There are various nuisance behaviours which have been giving concern on Kings Heath High Street and in Moseley Village. Currently these areas are part of an Alcohol Restriction Area. The City Council and Police are proposing to replace this with a new Order under recent laws to pick up a wider number of problem behaviours. This Public Space Protection Order would give the Police additional powers to stop harassment, verbal abuse, threats of violence, carrying open bottles or cans of alcohol, possessing or using “intoxicating substances” (mainly drugs) and making graffiti. Views from the public are being sought by Friday 11 March 2016.
The widening of Police powers to intervene under this Order is likely to be warmly welcomed by the Forum. However, there is concern at the drafting of certain sections. We are likely to suggest some changes to make it clear that it does not prohibit peaceful gatherings and peaceful protest, that “verbal abuse” is defined, that it does not prohibit the collection of empty cans, that it does not prohibit “authorised” graffiti and that reasonable cafe style outdoor drinking on privately owned spaces or organised events (e.g. the Hare and Hounds, the Village Square, Street Fair, etc.) is not prohibited.
The public have to be consulted before this Order can be made so your views are important.
To have your say in support or against this Order by Friday 11 March 2016, go to the Birmingham Be Heard website.
Also see more information about the consultation and the full details of the Order (pdf).
Please feel free to let us know your views in comments on this blog, on Facebook or on Twitter.
Ken Clayton and Tom Tierney
The Forum has lodged an objection to a planning application announced by Lidl. The multinational supermarket giant wanted to replace the current Silver Street store with a new, and much bigger building. Lidl is a low-cost supermarket, so it is important to many Kings Heath residents but the plans raised serious concerns.
One of the most important was concern about increase in heavy goods traffic. The company denied that there would be any increase in the number of juggernauts turning into Silver Street. However, it is difficult to see how such a claim could be made. The new store shown on the plans would have been bigger than the existing one so it would need more stock. It was clearly designed to attract more shoppers. That would have meant more sales and therefore there would have to be more deliveries.
The only way to cut the number of lorries arriving would have been to use even bigger vehicles.
This, in turn, would have made congestion in Kings Heath even worse. In addition, these extra lorries would add to air pollution which has already made the High Street the fourth most polluted street in Birmingham. (Birmingham’s most polluted roads)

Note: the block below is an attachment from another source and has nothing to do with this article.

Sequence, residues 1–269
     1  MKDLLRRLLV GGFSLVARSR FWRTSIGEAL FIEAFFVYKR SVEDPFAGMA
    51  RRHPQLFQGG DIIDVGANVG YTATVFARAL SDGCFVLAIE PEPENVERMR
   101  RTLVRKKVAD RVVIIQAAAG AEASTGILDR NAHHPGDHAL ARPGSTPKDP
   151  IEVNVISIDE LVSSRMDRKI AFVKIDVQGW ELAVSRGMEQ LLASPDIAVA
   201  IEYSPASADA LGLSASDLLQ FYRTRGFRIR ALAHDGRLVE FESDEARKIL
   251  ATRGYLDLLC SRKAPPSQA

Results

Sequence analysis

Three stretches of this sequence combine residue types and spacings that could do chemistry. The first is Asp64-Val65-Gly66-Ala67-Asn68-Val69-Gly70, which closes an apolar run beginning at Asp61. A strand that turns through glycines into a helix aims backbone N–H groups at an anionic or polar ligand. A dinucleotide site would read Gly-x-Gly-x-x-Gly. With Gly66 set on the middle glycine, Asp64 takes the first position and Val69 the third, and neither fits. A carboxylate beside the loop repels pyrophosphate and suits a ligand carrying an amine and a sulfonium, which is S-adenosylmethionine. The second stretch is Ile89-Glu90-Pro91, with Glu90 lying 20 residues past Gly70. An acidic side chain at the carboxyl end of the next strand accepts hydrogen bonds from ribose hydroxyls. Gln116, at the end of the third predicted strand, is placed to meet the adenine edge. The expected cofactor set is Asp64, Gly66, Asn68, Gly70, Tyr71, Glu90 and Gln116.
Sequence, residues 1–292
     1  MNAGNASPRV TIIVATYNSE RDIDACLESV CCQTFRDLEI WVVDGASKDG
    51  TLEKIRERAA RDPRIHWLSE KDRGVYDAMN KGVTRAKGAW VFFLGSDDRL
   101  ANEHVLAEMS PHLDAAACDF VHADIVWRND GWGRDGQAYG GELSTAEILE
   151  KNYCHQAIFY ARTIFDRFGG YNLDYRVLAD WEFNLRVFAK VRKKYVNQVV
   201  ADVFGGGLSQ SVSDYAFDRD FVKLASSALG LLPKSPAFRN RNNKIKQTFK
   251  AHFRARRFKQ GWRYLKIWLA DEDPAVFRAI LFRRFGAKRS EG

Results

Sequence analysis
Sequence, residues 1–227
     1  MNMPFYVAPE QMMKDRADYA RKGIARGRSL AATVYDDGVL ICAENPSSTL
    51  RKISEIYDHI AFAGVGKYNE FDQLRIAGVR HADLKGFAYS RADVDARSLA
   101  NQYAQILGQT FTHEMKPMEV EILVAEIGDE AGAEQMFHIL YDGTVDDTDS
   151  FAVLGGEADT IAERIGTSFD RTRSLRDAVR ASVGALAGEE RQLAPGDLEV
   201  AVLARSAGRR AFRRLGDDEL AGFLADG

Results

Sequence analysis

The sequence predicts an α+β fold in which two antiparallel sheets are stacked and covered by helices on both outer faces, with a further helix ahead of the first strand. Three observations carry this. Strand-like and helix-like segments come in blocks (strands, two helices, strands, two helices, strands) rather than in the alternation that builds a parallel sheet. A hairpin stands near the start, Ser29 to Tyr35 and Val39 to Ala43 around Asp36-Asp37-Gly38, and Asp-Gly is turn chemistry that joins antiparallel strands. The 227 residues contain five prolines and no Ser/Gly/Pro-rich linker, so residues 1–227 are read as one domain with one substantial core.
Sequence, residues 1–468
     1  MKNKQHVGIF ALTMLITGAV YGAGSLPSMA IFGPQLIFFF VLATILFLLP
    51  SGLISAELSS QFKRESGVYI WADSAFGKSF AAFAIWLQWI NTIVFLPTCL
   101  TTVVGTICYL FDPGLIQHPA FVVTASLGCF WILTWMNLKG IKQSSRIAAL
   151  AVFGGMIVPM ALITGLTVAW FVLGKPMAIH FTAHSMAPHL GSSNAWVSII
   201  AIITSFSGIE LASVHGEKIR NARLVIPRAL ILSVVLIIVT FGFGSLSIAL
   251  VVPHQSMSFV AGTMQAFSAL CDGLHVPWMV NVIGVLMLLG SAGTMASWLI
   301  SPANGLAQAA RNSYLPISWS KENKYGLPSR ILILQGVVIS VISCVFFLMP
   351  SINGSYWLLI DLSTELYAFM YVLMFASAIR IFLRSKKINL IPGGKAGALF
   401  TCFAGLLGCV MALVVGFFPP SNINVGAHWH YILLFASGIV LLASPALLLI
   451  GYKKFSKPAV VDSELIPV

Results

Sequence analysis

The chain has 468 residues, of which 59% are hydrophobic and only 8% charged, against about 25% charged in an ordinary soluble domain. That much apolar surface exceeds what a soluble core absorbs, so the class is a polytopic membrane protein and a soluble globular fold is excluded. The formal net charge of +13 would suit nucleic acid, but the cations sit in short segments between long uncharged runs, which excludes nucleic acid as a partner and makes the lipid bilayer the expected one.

The Forum also raised concern about parking. Lidl has already bought the nearby car park from Birmingham City Council. The company has attracted criticism recently for the way it tries to enforce parking fines. In some places it is alleged to have provided 10-minute free parking. However, anybody overstaying their time is hit with a £90 fine. There are already proposals to take parking off the High Street. Losing this 102-space public car park will be a major blow for shoppers in Kings Heath.
The proposed building would be considerably higher than the existing store. That would be bound to affect local residents as would the increased traffic and other matters, such as things bigger, more powerful air conditioning units.
Overall the Kings Heath Residents’ Forum said that the proposal by Lidl could only be damaging to Kings Heath residents. That is why the Residents’ Forum lodged a formal objection to the planning application.
The latest development in this story is that Lidl has recently withdrawn the original planning application. However, it is preparing a new scheme. Councillor Claire Spencer has said that she would like the scheme to be discussed with residents. The period for lodging objections to the original proposal has ended but members of the Residents’ Forum will be watching developments closely and will assess the new proposals before deciding what to do next.
We have submitted our response welcoming the draft proposal from the Local Government Boundary Commission to establish a Kings Heath Ward. However, our suggestion is that it should be based on the current area served by the Residents’ Forum rather than the area identified in the Commission’s draft proposal as we had consulted widely about that in 2011. The Commission’s final recommendations are due to be published in May and new electoral wards should be in place throughout Birmingham in May 2018.
Read the Forum’s response: